California has been enduring a winter of wild weather, and it’s not just humans that have suffered for it. A new count of monarchs in the state turned up a disturbing low number of the endangered butterflies.
Governor Gavin Newsom declared a state of emergency this week as heavy snowfall blanketed the state. The latest extreme weather comes after a series of severe storms brought inches of rain, high winds, mountain snow, and flooding across California from mid-December through January.
Monarch butterflies, the striking orange-and-black insects renowned for their long-distance migrations, were pummeled by California’s December storms. The western subset of the endangered species spends the colder months overwintering in dense clusters in pockets of tree groves along the state’s coast. Between mid-November and early January, the number of butterflies counted there fell 58%, according to a report from nonprofit insect conservation group the Xerces Society, released Thursday.
For decades, Xerces has coordinated two in-depth counts of overwintering monarchs each year: one surrounding the Thanksgiving holiday and one surrounding New Year. In the most recent Thanksgiving count, the insects’ numbers were looking good. Volunteers tallied 335,470 butterflies—more than had been counted in any year since 2000, and a marked increase from the shockingly low sub-2,000 individuals that had been recorded in 2020.
Yet the number drop between November and January highlights just how fragile a population of hundreds of thousands of monarchs can be. It may sound like a high number, but 335,470 is a pittance compared to what western monarch populations once were. In the 1980s and 90s, millions of the insects congregated on the California coast each year. The population has declined more than 90% since then, according to Xerces estimates. The eastern population, which migrates to Mexico each winter, has also incurred steep declines of around 80%.
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This butterfly disappearing act over just a few decades is thought to be the result of several factors. There’s human-caused climate change, which alters seasonal patterns that hurt migratory species especially hard. Pesticide use on agricultural land kills beloved insects as well as pests. Then, there’s a loss of milkweed acres, which monarchs rely on to complete their lifecycle, as well as deforestation and other habitat destruction.
Despite these ongoing challenges, there have been hopeful hints of possible monarch recovery over the past two years. In addition to the western monarch’s resurgence from fewer than 2,000 individuals to hundreds of thousands between 2020 and 2021, the eastern populations have been on the rebound, too. At the monarch overwintering site in Mexico, an annual survey of their extent found they were occupying 35% more space in 2022 than the year before, according to the World Wildlife Foundation.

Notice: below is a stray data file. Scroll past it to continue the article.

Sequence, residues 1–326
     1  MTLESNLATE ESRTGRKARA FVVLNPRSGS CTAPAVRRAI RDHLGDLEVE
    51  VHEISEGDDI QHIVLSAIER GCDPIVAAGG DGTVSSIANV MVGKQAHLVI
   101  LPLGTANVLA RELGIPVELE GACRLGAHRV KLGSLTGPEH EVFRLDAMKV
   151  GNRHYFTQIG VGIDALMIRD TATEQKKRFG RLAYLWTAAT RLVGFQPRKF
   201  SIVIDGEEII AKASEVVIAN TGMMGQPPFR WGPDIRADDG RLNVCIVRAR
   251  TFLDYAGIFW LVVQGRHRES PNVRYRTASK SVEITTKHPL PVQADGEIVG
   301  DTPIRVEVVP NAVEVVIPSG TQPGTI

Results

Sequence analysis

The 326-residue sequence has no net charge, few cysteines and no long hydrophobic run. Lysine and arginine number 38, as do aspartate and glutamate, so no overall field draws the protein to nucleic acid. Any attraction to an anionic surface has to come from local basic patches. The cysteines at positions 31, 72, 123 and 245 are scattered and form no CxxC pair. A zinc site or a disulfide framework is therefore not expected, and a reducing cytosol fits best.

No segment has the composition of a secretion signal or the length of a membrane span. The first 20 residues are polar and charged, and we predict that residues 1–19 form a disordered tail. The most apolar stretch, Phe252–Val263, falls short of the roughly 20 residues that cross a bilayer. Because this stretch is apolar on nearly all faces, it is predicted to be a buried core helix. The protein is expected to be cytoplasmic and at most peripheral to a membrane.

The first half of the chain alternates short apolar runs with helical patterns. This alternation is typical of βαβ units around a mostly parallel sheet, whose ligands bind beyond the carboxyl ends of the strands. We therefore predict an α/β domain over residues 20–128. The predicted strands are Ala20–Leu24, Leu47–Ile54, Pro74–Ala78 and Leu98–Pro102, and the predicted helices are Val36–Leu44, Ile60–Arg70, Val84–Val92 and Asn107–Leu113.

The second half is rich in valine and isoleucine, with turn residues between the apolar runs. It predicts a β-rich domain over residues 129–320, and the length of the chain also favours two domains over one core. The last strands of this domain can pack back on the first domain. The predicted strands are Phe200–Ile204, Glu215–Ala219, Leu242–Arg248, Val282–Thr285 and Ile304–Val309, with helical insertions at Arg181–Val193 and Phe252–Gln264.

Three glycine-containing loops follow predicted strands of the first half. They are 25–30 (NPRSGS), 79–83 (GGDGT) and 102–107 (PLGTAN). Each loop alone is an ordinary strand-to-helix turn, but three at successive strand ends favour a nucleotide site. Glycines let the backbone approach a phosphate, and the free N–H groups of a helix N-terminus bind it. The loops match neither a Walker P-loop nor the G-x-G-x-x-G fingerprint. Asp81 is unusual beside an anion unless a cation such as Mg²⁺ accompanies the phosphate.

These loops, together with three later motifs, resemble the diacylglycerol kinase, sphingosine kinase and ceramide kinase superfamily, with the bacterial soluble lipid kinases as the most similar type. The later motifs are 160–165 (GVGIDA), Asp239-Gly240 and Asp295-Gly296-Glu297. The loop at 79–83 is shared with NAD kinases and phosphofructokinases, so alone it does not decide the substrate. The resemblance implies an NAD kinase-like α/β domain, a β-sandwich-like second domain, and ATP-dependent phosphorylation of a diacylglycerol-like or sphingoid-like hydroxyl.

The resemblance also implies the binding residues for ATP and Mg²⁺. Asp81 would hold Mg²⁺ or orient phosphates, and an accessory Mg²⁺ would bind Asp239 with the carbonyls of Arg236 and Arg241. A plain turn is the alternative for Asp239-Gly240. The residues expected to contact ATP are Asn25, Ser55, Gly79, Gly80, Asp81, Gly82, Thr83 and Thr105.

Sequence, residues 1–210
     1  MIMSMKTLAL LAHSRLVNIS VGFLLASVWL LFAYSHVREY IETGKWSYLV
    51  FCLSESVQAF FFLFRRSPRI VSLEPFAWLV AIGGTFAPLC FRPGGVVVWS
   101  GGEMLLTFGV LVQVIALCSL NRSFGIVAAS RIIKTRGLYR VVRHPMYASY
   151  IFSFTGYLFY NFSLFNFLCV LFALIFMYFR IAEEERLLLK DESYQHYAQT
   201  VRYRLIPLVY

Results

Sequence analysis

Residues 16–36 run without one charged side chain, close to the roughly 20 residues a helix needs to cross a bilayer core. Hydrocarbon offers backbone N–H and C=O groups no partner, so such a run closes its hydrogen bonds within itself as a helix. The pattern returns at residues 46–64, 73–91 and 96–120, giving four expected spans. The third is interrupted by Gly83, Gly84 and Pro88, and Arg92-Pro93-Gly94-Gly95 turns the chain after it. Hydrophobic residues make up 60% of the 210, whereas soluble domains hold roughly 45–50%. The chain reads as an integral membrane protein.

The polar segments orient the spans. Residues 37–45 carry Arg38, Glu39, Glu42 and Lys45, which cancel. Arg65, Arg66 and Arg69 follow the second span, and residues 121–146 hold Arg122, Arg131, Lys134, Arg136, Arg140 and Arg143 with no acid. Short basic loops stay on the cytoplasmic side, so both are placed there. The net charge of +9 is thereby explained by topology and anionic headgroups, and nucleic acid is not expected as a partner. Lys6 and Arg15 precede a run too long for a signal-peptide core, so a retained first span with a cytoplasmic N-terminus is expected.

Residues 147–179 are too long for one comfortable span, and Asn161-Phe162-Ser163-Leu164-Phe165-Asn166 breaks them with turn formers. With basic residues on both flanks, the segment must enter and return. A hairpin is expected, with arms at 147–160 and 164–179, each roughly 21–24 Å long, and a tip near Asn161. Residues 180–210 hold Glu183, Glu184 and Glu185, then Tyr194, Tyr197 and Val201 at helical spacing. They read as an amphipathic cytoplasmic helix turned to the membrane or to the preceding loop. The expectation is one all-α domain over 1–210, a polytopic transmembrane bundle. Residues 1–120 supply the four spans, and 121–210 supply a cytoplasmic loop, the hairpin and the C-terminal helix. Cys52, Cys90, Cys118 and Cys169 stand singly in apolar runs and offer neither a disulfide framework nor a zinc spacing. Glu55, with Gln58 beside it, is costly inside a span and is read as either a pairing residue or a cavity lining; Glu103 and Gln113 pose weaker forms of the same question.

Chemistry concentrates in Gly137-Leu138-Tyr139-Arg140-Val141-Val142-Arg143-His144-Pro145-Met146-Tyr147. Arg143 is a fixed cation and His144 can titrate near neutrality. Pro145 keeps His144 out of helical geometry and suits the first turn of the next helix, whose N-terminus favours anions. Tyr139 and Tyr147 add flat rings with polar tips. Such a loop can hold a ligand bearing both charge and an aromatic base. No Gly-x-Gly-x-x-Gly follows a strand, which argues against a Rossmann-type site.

But even as insect scientists celebrated these upticks, they warned that the situation remained tenuous. One bad year, and the butterfly populations could begin spiraling downward again. Which is effectively what’s happened this winter in California.
Usually, there is some decline in monarch numbers at western overwintering sites between November and January. Not all the butterflies make it through the whole season. But the average range of decrease is usually somewhere between 35% and 49%, according to Xerces, significantly lower than the 58% seen in the 2022-2023 season.
Though there were more monarchs in California’s groves this past November than the one before, by January that relationship had reversed. 2023’s New Year count recorded nearly 40,000 fewer insects than 2022's. Volunteers participating in the butterfly count reportedly noted flooding, tree damage, and dead butterflies at many sites following winter storms.
“Small populations are particularly vulnerable to being snuffed out by extreme weather, so we are lucky these storms occurred in a relatively good year,” said Emma Pelton, a conservation biologist at the Xerces Society, in a statement. Unlike in 2020, nobody is talking about imminent extinction for the western monarchs this time around. But a few more bad years, and we could easily be back there again, Pelton suggested. “We don’t want to count on luck alone to ensure the survival of the western monarch migration.”
Though California routinely experiences atmospheric rivers in the winter months, some research suggests that climate change may be making such events more frequent and intense.